You are previewing Supercharged JavaScript Graphics.

Supercharged JavaScript Graphics

Cover of Supercharged JavaScript Graphics by Raffaele Cecco Published by O'Reilly Media, Inc.
  1. Supercharged JavaScript Graphics
    1. SPECIAL OFFER: Upgrade this ebook with O’Reilly
    2. Preface
      1. Audience and Assumptions
      2. Organization
      3. Conventions Used in This Book
      4. Using Code Examples
      5. Safari® Books Online
      6. How to Contact Us
      7. Acknowledgments
    3. 1. Code Reuse and Optimization
      1. Keeping It Fast
      2. What and When to Optimize
      3. Homespun Code Profiling
      4. Optimizing JavaScript
      5. Optimizing jQuery and DOM Interaction
      6. Other Resources
    4. 2. DHTML Essentials
      1. Creating DHTML Sprites
      2. Converting into a jQuery Plug-in
      3. Timers, Speed, and Frame Rate
      4. Internet Explorer 6 Background Image Caching
    5. 3. Scrolling
      1. CSS-Only Scrolling Effects
      2. Scrolling with JavaScript
    6. 4. Advanced UI
      1. HTML5 Forms
      2. Using JavaScript UI Libraries
      3. Creating UI Elements from Scratch
    7. 5. Introduction to JavaScript Games
      1. Game Objects Overview
      2. The Game Code
    8. 6. HTML5 Canvas
      1. Canvas Support
      2. Bitmaps, Vectors, or Both?
      3. Canvas Limitations
      4. Canvas Versus SVG
      5. Canvas Versus Adobe Flash
      6. Canvas Exporters
      7. Canvas Drawing Basics
      8. Animating with Canvas
      9. Canvas and Recursive Drawing
      10. Replacing DHTML Sprites with Canvas Sprites
      11. A Graphical Chat Application with Canvas and WebSockets
    9. 7. Vectors for Games and Simulations
      1. Operations on Vectors
      2. Creating a JavaScript Vector Object
      3. A Cannon Simulation Using Vectors
      4. Rocket Simulation
    10. 8. Google Visualizations
      1. Limitations
      2. Chart Glossary
      3. Image Charts
      4. Interactive Charts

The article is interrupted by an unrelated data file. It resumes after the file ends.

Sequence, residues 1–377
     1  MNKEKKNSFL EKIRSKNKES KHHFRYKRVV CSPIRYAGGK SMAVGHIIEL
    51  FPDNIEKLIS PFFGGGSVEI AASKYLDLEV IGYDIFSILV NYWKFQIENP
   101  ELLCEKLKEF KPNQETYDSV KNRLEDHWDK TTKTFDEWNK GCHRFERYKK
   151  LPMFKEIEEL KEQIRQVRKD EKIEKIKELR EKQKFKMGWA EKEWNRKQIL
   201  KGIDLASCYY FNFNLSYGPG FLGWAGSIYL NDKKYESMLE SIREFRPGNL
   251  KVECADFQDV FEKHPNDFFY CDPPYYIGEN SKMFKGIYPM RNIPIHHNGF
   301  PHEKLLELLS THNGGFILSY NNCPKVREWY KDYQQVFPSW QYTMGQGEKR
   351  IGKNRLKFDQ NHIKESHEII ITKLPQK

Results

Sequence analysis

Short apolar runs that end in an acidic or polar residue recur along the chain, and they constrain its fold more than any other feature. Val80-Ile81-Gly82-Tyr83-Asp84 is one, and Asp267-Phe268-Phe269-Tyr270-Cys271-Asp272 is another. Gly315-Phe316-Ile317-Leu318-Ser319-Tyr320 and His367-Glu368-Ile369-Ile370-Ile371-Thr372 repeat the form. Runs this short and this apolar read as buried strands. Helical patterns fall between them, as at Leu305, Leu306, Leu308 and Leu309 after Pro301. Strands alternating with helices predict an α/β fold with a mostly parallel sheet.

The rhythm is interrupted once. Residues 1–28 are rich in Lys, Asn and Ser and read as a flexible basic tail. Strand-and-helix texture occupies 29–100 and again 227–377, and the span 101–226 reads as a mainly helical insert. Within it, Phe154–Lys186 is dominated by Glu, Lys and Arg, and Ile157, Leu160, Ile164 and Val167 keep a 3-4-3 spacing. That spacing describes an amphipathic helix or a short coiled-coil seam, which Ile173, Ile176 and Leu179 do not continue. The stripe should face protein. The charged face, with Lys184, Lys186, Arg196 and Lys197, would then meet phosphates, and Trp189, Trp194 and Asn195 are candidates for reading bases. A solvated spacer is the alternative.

11. 9. Reaching the Small Screen with jQuery Mobile
      1. jQuery Mobile
      2. TilePic: A Mobile-Friendly Web Application
      3. PhoneGap
    12. 10. Creating Android Apps with PhoneGap
      1. Installing PhoneGap
      2. Creating a PhoneGap Project in Eclipse
    13. Index
    14. About the Author
    15. Colophon
    16. SPECIAL OFFER: Upgrade this ebook with O’Reilly

Canvas and Recursive Drawing

One benefit of immediate mode drawing is the lack of an intervening data structure that we’d have to create and manipulate to keep track of drawing elements; with immediate mode drawing, you can just fire and forget drawing commands, layering them as thick as you like. This makes Canvas particularly useful for high-density, recursive drawing functions like fractals. Recursive functions are defined as those that call themselves. By feeding the last set of results generated by a function back into the function itself, we create a kind of software feedback loop. The following example calls itself recursively 10 times:

var rescurse(value1, value2) {
    if (value1 <= 0) return;
    recurse(value1, value2);

The previous example is not particularly exciting, but it demonstrates two important aspects of recursive functions:

  • Values are adjusted within the recursive function and fed back into it.

  • We need a test to break out of otherwise infinite recursive loops.

Instead of applying simple increments and decrements, what if we did something more interesting involving a little bit of trigonometry and some random elements? Figure 6-14 shows a recursively drawn tree that uses simple Canvas-line drawing commands. The natural-looking effect is a recognizable feature of recursive graphical functions. Notice how the final tips of the branches look very refined and thin. This is due to the previously discussed fractional pixel anti-aliasing.

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